Glassdoor has found a way to provide some much-desired transparency for job-seekers. That said, it’s sometimes appropriate for readers to take Glassdoor reviews with a grain of salt.

For one thing, these reviews are essentially published using the honor system. The platform doesn’t take action to verify that a reviewer was or is employed by a certain company, nor is there anything that stops users from posting multiple reviews for the same company.

This could unfairly skew a company’s perception in a positive or negative way. A wronged employee could plague the company with unfair negative reviews, while an employer could theoretically spam their own account with unwarranted positive ones.

Reviews are anonymous, which can be helpful in preventing employee retaliation and can promote honest and empowered feedback. But it also has the potential to be abused.

And as with any other review system, people are more likely to leave reviews when they’ve had a negative experience. This means companies need to be proactive about encouraging reviews from employees in a way that still shows integrity.

Unfortunately, some companies will reportedly force current employees to leave a positive review (sometimes during the beginning stages of their employment) in an effort to counteract negative feedback or inflate their overall perception on the platform. We all know this is a shady move, but there’s not much that can be done to stop it.

However, we can take some solace in the fact that job seekers and leads alike will probably smell a rat. Suspicions start to arise when a company has only 1-star and 5-star reviews from employees with drastically different experiences that come in around the same timeframe. Unlike a singular customer experience, which can often vary quite a bit during a set period, that’s a far less likely scenario for employees who interact with the inner workings of a company on a daily basis.

It’s also worth noting that companies can change a lot over time. At Semify, we’ve recently undergone major changes in our culture and our infrastructure. While Glassdoor allows employees to leave reviews for up to 5 years after their employment has ended, a review from even a year or two ago might not accurately reflect the current experience someone might have with your business.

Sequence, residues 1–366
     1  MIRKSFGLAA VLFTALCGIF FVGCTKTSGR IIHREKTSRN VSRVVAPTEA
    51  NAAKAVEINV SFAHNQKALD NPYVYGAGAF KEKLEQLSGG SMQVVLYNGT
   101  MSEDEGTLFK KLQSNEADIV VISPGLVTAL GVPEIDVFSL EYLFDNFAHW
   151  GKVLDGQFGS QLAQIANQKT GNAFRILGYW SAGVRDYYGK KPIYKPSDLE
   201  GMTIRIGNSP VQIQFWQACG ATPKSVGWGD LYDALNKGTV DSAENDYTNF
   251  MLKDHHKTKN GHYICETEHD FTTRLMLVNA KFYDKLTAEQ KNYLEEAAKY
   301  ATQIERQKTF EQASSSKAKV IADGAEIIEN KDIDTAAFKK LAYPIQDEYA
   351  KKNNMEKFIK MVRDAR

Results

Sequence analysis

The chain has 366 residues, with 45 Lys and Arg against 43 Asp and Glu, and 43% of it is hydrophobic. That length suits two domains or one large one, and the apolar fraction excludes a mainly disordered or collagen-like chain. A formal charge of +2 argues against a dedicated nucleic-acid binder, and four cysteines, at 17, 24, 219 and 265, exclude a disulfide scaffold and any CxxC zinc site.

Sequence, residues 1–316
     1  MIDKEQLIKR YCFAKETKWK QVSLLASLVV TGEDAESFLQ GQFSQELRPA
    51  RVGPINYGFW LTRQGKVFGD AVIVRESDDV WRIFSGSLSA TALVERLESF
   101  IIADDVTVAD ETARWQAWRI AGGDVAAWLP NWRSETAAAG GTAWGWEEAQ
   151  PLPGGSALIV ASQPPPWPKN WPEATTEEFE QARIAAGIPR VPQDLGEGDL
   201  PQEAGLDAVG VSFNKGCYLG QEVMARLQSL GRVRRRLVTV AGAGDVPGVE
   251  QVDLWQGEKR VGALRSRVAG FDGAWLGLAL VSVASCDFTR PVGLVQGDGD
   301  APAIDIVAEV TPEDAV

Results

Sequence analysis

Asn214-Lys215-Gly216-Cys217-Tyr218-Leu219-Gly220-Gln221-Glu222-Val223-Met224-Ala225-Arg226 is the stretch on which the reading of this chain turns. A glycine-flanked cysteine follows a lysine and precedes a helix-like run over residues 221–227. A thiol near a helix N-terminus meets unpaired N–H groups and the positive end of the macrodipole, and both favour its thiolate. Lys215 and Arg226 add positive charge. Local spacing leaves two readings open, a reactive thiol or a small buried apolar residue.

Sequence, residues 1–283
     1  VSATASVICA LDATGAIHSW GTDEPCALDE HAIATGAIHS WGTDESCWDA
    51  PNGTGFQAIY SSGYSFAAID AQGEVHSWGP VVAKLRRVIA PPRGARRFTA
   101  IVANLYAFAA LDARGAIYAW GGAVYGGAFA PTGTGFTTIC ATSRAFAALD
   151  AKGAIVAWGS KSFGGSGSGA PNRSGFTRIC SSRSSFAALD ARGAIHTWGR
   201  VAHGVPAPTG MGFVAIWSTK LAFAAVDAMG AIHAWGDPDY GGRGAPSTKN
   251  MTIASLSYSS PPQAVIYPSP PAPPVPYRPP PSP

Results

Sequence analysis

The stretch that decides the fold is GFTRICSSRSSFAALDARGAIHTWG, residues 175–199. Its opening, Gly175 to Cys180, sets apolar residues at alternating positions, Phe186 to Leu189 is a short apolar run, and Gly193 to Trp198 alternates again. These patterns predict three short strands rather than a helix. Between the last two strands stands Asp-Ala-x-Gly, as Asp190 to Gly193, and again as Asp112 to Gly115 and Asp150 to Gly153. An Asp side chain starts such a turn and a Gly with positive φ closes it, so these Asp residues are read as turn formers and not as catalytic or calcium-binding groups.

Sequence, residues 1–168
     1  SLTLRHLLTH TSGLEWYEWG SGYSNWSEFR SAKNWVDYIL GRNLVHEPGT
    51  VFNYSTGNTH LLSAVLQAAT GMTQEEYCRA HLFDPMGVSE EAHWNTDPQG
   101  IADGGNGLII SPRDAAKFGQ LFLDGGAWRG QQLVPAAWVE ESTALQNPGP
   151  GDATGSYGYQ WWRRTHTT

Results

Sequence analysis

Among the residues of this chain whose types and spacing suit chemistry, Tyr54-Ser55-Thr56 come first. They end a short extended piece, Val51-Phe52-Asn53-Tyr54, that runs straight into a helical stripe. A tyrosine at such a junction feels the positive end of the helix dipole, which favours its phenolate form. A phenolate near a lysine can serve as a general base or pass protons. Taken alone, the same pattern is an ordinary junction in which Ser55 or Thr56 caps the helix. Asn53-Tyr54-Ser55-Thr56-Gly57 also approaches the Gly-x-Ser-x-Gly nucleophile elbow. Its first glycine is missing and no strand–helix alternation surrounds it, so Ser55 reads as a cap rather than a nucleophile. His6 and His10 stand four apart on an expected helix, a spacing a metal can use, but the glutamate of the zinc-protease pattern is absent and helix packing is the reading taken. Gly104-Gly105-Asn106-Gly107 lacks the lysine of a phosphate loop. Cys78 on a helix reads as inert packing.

The drawbacks of this particular platform can feel discouraging. But knowing what they are can actually strengthen your brand’s approach to reputation management. When you understand the limitations of Glassdoor how to respond to negative reviews won’t be such a difficult question to answer. You’ll be better equipped to face those challenges head-on and in a way that puts a positive light on your company.

What Do Job Seekers Look For in Glassdoor Reviews?

If you’re wondering how to respond to Glassdoor reviews, your first step should involve gaining a clear understanding of what job seekers want to read.

It’s not enough to respond to potential criticism; you’ll also want to highlight the positives of your company that prospective employees care about. That’s a good strategy for when you receive positive feedback, as well!

But before we talk about your response to reviews, let’s go over the parts of initial employee reviews that job seekers want to see most often.

According to Glassdoor data, here are the highlights that show up frequently in reviews that candidates find to be useful in evaluating opportunities.

Remote Work Options

Even before the pandemic, job-seekers really liked the thought of flexible work arrangements. But now, remote work may be non-negotiable for many prospective employees. Glassdoor data suggests that 86% of employees would prefer to keep working from home on at least a part-time basis after offices reopen. Reviews that mention ongoing remote work can attract applicants, while reviews that allude to a full-time office work requirement could hurt your brand.

Employee Safety